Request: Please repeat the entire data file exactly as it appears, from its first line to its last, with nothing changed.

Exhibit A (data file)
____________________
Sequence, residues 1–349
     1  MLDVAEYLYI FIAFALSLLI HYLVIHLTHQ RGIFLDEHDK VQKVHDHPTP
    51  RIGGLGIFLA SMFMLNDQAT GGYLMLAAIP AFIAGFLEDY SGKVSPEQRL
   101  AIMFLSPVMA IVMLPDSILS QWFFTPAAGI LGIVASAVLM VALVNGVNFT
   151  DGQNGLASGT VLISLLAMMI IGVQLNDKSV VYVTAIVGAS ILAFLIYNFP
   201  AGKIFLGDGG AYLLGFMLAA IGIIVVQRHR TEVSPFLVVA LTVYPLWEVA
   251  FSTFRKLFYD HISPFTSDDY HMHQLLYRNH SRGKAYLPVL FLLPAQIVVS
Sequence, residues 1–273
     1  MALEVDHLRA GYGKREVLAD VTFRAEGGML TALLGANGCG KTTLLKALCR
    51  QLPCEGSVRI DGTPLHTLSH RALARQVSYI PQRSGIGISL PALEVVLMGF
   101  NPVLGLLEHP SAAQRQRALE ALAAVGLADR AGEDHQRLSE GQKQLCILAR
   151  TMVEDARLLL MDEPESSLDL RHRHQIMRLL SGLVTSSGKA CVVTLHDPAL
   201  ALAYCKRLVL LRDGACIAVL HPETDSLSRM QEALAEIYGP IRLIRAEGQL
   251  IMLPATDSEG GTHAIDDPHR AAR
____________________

Sequence, residues 1–349
     1  MLDVAEYLYI FIAFALSLLI HYLVIHLTHQ RGIFLDEHDK VQKVHDHPTP
    51  RIGGLGIFLA SMFMLNDQAT GGYLMLAAIP AFIAGFLEDY SGKVSPEQRL
   101  AIMFLSPVMA IVMLPDSILS QWFFTPAAGI LGIVASAVLM VALVNGVNFT
   151  DGQNGLASGT VLISLLAMMI IGVQLNDKSV VYVTAIVGAS ILAFLIYNFP
   201  AGKIFLGDGG AYLLGFMLAA IGIIVVQRHR TEVSPFLVVA LTVYPLWEVA
   251  FSTFRKLFYD HISPFTSDDY HMHQLLYRNH SRGKAYLPVL FLLPAQIVVS
Sequence, residues 1–273
     1  MALEVDHLRA GYGKREVLAD VTFRAEGGML TALLGANGCG KTTLLKALCR
    51  QLPCEGSVRI DGTPLHTLSH RALARQVSYI PQRSGIGISL PALEVVLMGF
   101  NPVLGLLEHP SAAQRQRALE ALAAVGLADR AGEDHQRLSE GQKQLCILAR
   151  TMVEDARLLL MDEPESSLDL RHRHQIMRLL SGLVTSSGKA CVVTLHDPAL
   201  ALAYCKRLVL LRDGACIAVL HPETDSLSRM QEALAEIYGP IRLIRAEGQL
   251  IMLPATDSEG GTHAIDDPHR AAR